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Hem, Rabbit Songs

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My wife bought this album after we saw/heard the band interviewed on CBS and NPR. I was a little skeptical, but maybe only because I wasn’t really paying attention. The networks played up the story of how Dan Messe assembled Hem thanks in part to a demo of lullabies given him by now vocalist Sally Ellyson (read more at the band’s website), a fine tale but no guarantor of a successful debut release. Memorable, melodic songwriting and precise arrangements are a good start, however, and with those Rabbit Songs garnered my attention.

As a female-fronted band driven by a male songwriter, Hem has more in common with pop outfits like Sixpence None the Richer and Ivy than femme folkies like Gillian Welch. Sonically, however, the band has an undeniable folk/Americana aesthetic, which merits comparison to other neo-twang acts like Tarnation, Mojave 3, and Lambchop (as distinct from alt-country groups like Uncle Tupelo and it’s offspring). These bands benefit from an outsider-ears phenomenon, meaning they don’t have folk or country and western backgrounds, and/or audiences, and/or record labels. (Brooklyn-based Hem couldn’t get further “outside” the realm of rural America without moving to Tokyo.) Consequently, they are less cloistered by habit and expectations, empowered to borrow only the sounds and styles that drew them to American roots music. They lean toward minimalist arrangements, subtly employing the evocative twang of steel guitar or banjo while avoiding the cliches of the genre(s).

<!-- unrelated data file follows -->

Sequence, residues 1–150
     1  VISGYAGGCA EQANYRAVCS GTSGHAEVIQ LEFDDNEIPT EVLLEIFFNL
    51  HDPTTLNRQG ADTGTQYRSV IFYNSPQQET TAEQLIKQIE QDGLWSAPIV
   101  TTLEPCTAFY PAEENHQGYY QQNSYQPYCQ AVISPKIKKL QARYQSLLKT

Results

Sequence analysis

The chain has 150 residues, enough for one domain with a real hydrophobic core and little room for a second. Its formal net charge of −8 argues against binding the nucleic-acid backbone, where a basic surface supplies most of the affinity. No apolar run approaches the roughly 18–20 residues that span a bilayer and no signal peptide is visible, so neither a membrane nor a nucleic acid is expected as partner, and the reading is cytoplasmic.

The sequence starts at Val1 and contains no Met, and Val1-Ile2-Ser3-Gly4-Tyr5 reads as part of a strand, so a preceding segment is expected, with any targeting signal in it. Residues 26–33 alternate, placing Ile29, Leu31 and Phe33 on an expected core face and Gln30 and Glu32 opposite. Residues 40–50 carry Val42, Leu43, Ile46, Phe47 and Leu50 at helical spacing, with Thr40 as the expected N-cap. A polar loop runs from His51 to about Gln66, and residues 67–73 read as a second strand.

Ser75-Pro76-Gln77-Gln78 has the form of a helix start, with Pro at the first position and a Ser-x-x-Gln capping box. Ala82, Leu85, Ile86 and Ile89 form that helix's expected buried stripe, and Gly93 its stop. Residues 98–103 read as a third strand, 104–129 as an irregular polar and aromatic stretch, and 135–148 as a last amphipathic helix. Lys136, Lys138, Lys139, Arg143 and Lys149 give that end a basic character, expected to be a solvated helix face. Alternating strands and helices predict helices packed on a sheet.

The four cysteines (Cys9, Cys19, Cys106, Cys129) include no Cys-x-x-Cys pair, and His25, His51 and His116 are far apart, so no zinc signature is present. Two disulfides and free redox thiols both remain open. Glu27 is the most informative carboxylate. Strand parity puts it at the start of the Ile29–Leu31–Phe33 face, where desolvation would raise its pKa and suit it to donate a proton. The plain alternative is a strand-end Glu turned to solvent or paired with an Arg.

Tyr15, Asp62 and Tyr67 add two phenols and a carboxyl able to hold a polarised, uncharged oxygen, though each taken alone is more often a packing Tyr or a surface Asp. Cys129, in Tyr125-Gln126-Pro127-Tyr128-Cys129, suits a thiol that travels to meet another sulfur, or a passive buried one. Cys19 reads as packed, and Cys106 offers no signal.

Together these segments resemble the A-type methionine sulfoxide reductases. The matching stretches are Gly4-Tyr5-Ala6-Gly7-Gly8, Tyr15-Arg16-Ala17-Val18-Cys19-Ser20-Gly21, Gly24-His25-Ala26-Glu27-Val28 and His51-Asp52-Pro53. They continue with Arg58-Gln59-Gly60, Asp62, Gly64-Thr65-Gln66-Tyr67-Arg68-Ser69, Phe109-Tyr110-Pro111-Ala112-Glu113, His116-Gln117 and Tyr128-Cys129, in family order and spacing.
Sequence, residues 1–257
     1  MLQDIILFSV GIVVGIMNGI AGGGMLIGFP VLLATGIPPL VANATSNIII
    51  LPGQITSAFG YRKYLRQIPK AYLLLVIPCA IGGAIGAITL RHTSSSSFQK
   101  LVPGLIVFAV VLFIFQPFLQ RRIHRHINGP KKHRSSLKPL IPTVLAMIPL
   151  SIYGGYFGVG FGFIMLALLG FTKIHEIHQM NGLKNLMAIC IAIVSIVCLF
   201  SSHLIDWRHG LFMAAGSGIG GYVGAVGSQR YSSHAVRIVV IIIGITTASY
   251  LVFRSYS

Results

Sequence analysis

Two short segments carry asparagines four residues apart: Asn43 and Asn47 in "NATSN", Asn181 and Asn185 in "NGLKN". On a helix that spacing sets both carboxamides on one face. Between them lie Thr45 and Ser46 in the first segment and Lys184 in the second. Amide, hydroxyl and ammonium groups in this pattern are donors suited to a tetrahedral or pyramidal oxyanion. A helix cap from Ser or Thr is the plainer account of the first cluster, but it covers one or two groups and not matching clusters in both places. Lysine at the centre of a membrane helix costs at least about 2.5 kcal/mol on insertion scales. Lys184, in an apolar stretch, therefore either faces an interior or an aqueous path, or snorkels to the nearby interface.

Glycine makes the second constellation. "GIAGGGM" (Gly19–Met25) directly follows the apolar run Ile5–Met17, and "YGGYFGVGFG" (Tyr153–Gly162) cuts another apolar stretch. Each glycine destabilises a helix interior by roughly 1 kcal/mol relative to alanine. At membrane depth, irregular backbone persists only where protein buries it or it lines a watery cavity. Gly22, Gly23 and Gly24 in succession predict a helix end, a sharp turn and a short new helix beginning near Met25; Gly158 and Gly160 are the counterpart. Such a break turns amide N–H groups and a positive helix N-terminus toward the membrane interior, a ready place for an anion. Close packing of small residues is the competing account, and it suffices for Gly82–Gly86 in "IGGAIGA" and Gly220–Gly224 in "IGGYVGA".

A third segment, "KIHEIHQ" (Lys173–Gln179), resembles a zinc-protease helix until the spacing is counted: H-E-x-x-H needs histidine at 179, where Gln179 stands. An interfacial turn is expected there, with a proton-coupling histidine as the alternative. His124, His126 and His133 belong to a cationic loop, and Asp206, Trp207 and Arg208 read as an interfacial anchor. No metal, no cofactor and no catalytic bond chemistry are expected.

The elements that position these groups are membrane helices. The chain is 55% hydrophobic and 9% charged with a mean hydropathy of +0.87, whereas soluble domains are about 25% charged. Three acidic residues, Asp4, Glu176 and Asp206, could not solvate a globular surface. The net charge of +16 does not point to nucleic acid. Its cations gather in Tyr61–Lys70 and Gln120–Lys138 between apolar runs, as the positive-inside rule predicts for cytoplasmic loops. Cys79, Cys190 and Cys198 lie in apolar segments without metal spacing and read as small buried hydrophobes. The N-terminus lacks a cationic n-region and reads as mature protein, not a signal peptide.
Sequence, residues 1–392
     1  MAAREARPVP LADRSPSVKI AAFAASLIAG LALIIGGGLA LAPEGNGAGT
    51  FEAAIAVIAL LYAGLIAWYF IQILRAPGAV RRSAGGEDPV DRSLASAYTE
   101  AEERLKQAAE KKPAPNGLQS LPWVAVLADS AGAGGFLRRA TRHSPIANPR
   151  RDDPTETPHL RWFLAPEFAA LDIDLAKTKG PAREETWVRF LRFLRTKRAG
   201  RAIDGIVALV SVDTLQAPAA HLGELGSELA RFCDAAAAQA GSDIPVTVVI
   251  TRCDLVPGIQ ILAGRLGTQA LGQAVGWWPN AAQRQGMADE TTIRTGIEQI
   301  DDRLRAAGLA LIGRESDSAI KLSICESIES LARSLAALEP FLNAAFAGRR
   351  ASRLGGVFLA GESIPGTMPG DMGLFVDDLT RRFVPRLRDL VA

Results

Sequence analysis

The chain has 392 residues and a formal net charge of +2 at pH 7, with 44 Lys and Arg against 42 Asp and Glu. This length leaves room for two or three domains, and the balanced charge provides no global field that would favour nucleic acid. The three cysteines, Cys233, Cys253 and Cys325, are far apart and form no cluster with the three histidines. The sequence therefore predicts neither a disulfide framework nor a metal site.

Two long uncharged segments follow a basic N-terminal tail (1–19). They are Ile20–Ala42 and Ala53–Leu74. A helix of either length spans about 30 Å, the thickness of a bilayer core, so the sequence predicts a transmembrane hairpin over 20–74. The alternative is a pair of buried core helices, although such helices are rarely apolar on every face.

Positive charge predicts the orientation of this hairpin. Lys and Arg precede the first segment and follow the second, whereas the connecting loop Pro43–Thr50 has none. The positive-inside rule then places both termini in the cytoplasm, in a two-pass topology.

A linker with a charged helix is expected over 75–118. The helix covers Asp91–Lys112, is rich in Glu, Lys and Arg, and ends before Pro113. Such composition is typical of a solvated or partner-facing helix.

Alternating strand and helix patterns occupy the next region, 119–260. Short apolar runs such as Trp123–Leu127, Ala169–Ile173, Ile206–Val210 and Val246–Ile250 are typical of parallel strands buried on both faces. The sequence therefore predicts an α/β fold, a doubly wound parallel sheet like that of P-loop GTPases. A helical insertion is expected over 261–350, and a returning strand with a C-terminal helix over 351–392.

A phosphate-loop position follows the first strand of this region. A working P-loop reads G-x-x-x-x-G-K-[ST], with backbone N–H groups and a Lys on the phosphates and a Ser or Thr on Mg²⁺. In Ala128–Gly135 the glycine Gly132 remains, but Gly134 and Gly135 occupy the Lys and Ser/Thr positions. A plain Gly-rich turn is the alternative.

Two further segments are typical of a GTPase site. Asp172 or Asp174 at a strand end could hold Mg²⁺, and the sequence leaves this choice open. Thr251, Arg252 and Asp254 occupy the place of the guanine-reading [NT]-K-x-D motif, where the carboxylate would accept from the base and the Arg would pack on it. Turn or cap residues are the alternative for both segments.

That Messe and company have an ear for C & W nuance is apparent at the first strain of pedal steel, which intertwines gracefully with violin beneath Ellyson’s tender-voiced delivery on “When I Was Drinking,” a recovering alcoholic’s semi-nostalgic retrospective on a doomed romance. Hem’s measured use of violin (in this setting fiddle might be more appropriate nomenclature, but I defer to the liner notes) and mandolin lend an Appalachian air to the record. Though, by taking a cue from Down From the Mountain, et al. and pushing harmonizing vocals to the fore on more tracks Hem could achieve a fuller sound without straying from their chosen idiom. When evident the harmonies shine, as on “Horsey,” and the comparatively rousing chorus of “Night Like a River,” the lone sampling of mandolin player Steve Curtis’s songwriting.

Hem uses strings and woodwinds (oboe, clarinet, flute) liberally, but not to excess. From the understated atmospherics of “Betting on Trains” to the euphoric heights of “Stupid Mouth Shut,” the arrangements melt with piano, guitar, and most importantly vocals. All too often musicians, perhaps enamored with the possibilities of studio recording, swirl these elements in an ecstatic din. On Rabbit Songs, by contrast, Hem demonstrates a fine collective ear for what constitutes “just enough.” (Guitarist/songwriter, Gary Maurer, may deserve particular credit for his roles in production, recording, and mixing.) The end result is that the music bolsters, rather than obfuscates, the songwriting, which is after all the stuff of folk music. Similarly, Ellyson’s delivery is, at it’s best, soft yet evocative.

Lyrically, Messe alternates between poetic imagery, often nostalgic, and more straightforward storytelling. With “Lazy Eye” he makes of the physical condition a metaphor for persistent memory: “I can still see the hem of your dress and the comb as it’s parting your hair, and the person I held is still there in my lazy eye…” In “All That I’m Good For,” he parallels a strung-along lover and a stray dog: “You know I play with all those strays prowling outside your door. It’s the scraps of love you throw my way that have got me on all fours. It’s only fair your knew, all that I’m good for is you.” Some songs, and some lines, are more striking than others, and a few lyrics are simply vehicles for melody. Yet, when combined with selective instrumentation the end result is a surprisingly memorable album, given that it doesn’t demand your attention.

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